Have you noticed recently that more people are taking more time off than usual? Is Fred down at accounts not getting back to you as normal? Is Mary, who never gets sick, taking sick leave? Are people stepping on each other’s toes more than they have in the past? Are tasks that you thought would be finished by now still open?
Around this time of year in Australia, the performance of staff often deteriorates.
Why this time of year? Well, it's halfway between the big end-of-year holidays (and after the end of the tax year). In Australia and New Zealand that’s around July. In other countries, for instance, the US, it's more likely to be in January and February again halfway between the big breaks. It’s also coldest and darkest.
Regardless of the exact month, this is when fatigue sets in, tempers start to fray, and ‘minor’ issues become ‘major'. Many managers are wondering about how they can help their staff to be more resilient. First though – it would be good to know what the problem is; what is testing your resilience and that of your staff? There are usually three underlying causes, too much change, an overwhelming workload, and/or a setback or adversity. I describe more about this in my blog 3 Causes of Workplace Stress & How To Turn Them Into Performance.
On top of that, there are usually a bunch of other causes that I’ll collectively describe as ‘friction'. Friction refers to systems and processes that don’t work properly. The filing systems we can’t find anything in, the complicated processes for gaining approvals, the lengthy delays in hearing back about decisions, the endless meetings that chew up an enormous amount of time and achieve very little.
Early in the year, people put up with these and have workarounds, but by the middle of the year – and with not a holiday in sight – patience goes short, things don’t work properly and performance suffers.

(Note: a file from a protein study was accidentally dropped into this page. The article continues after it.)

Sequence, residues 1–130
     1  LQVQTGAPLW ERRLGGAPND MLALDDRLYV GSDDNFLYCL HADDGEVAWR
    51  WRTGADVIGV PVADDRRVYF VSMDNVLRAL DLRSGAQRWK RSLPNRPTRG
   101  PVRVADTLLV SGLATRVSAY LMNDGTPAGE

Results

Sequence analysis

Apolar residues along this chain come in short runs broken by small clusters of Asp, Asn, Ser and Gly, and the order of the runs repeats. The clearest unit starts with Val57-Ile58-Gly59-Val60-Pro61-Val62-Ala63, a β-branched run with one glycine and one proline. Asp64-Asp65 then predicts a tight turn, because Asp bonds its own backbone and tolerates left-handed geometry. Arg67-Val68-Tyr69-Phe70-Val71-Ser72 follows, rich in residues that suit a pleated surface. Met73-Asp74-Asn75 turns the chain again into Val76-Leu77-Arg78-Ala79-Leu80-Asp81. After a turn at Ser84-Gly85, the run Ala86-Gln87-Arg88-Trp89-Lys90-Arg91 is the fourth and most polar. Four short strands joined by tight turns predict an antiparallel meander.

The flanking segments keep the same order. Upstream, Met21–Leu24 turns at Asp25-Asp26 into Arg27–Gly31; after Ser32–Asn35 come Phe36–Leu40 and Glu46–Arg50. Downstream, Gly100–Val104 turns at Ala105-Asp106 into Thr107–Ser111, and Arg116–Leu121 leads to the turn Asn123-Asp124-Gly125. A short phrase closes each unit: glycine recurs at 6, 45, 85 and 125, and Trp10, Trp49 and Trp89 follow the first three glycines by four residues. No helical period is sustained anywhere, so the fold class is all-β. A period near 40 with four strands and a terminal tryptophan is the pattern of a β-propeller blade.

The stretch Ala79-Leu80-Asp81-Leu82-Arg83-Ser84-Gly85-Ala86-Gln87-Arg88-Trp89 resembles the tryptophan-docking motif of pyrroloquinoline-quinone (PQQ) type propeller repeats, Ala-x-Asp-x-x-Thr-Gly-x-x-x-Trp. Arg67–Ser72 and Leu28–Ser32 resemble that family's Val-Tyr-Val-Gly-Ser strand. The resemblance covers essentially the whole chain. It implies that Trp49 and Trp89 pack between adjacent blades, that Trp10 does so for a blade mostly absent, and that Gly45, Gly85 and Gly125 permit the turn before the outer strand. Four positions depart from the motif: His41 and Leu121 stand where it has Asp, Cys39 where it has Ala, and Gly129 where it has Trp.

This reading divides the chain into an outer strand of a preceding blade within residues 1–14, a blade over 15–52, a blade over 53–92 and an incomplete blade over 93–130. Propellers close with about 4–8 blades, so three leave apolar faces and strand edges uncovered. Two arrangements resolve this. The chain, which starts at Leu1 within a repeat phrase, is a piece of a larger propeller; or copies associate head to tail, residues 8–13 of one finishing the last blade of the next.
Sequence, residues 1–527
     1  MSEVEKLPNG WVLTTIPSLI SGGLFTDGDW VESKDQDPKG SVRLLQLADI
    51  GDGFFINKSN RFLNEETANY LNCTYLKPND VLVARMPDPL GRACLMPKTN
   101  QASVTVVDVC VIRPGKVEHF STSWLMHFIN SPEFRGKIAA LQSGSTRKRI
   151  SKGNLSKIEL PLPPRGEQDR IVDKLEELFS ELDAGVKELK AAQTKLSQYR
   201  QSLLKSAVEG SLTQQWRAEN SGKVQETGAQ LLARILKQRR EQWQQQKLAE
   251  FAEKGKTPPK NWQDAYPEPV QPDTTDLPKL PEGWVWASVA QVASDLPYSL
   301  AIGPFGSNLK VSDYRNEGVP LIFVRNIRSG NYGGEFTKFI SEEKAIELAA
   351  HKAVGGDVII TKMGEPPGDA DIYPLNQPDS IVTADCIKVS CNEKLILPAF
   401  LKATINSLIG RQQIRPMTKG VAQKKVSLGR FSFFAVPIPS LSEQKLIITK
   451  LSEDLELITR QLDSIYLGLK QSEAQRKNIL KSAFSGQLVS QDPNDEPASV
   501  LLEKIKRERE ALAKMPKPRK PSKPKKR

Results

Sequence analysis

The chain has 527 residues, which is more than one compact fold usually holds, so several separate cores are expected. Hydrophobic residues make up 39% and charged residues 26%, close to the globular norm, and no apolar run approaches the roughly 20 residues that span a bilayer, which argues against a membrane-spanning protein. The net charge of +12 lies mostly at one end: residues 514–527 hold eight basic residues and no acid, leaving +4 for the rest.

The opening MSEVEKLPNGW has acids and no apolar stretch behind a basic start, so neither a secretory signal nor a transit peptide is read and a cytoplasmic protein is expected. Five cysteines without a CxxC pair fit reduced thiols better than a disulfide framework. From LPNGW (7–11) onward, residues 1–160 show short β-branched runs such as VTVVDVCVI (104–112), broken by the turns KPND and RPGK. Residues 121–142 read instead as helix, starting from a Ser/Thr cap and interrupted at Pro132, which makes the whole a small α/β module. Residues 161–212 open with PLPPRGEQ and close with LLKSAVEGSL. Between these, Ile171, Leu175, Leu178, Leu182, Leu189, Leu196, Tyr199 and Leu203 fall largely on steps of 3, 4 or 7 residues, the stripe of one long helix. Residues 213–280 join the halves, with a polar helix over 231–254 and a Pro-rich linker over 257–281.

It’s also a great opportunity to fix some of these. (If you have had the chance to attend my resilience programme, you will know that ‘Adversity’ refers to learning from things that go wrong). So as you walk around the office and notice moments of stress – dig in, and find out what the stress is. It is likely to identify a point of ‘friction’. For example:
- Decisions taking too long to be made? How can you streamline them?
o Can you develop a set of decision-making rules? (We help teams do this)
o Can you devolve responsibility?
- Friction between two colleagues?
o What is at the root of it?
o How can you clarify accountability and ‘turf ‘?
- Annoying policy from head office?
o Seek to have it changed.
o Accept it and move on.
- Too many emails in your inbox?
o Develop a ‘zero' email inbox policy
o Learn to better deal with the sheer volume of emails (we teach this skill)
- Have an important task you haven’t been able to get to for months?
o Schedule some time for it this week
- What else is causing ‘friction ‘? Fix it.
The greatest benefit of having conflict, people taking too much leave and/or a downturn in performance – is that it gives you the opportunity to identify points of friction and remove them. As we say here at Resilience Works – it’s an opportunity to “bounce back better”.
Cris has helped many organisations to build their resilience, identify and rectify points of friction, and, work smarter (including how to deal with email overwhelm). Get in touch if you’d like you, or your team to be super high performers. Contact Cris at firstname.lastname@example.org or call him on +61 438 545 607.